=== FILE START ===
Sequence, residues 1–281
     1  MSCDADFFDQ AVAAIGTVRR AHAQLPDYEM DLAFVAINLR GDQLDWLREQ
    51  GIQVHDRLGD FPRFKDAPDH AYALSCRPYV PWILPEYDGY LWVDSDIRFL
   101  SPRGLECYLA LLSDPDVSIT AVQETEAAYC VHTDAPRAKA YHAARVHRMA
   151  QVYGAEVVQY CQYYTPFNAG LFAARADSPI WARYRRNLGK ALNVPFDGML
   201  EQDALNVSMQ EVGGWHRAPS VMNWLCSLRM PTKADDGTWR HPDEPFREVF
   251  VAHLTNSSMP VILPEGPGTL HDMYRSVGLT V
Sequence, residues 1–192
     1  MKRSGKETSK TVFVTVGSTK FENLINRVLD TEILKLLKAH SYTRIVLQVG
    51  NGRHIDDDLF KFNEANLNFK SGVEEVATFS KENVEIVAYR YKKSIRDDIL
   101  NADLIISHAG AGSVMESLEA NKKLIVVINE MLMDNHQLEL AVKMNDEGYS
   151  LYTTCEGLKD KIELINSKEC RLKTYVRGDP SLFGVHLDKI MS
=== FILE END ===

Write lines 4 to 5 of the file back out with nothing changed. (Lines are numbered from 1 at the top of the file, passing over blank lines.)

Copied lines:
   101  SPRGLECYLA LLSDPDVSIT AVQETEAAYC VHTDAPRAKA YHAARVHRMA
   151  QVYGAEVVQY CQYYTPFNAG LFAARADSPI WARYRRNLGK ALNVPFDGML